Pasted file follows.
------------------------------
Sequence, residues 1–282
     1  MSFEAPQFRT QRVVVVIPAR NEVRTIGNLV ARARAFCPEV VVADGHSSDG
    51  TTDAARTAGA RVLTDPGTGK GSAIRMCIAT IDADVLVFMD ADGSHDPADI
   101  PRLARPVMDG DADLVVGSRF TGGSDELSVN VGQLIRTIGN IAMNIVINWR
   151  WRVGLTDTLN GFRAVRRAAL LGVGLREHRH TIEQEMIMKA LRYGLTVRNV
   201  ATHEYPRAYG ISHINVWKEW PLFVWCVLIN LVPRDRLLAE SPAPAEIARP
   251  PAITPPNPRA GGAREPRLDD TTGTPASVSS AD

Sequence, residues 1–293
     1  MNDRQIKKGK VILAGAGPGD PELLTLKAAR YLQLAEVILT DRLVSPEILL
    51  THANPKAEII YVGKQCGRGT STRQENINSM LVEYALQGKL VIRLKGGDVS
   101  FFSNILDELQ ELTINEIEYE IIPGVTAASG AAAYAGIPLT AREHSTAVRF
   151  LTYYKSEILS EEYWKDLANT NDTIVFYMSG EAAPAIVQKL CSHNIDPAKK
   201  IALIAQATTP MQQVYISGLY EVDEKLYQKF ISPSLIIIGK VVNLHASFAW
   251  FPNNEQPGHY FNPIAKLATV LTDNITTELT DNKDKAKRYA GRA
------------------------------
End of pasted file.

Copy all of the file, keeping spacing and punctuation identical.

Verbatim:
Sequence, residues 1–282
     1  MSFEAPQFRT QRVVVVIPAR NEVRTIGNLV ARARAFCPEV VVADGHSSDG
    51  TTDAARTAGA RVLTDPGTGK GSAIRMCIAT IDADVLVFMD ADGSHDPADI
   101  PRLARPVMDG DADLVVGSRF TGGSDELSVN VGQLIRTIGN IAMNIVINWR
   151  WRVGLTDTLN GFRAVRRAAL LGVGLREHRH TIEQEMIMKA LRYGLTVRNV
   201  ATHEYPRAYG ISHINVWKEW PLFVWCVLIN LVPRDRLLAE SPAPAEIARP
   251  PAITPPNPRA GGAREPRLDD TTGTPASVSS AD

Sequence, residues 1–293
     1  MNDRQIKKGK VILAGAGPGD PELLTLKAAR YLQLAEVILT DRLVSPEILL
    51  THANPKAEII YVGKQCGRGT STRQENINSM LVEYALQGKL VIRLKGGDVS
   101  FFSNILDELQ ELTINEIEYE IIPGVTAASG AAAYAGIPLT AREHSTAVRF
   151  LTYYKSEILS EEYWKDLANT NDTIVFYMSG EAAPAIVQKL CSHNIDPAKK
   201  IALIAQATTP MQQVYISGLY EVDEKLYQKF ISPSLIIIGK VVNLHASFAW
   251  FPNNEQPGHY FNPIAKLATV LTDNITTELT DNKDKAKRYA GRA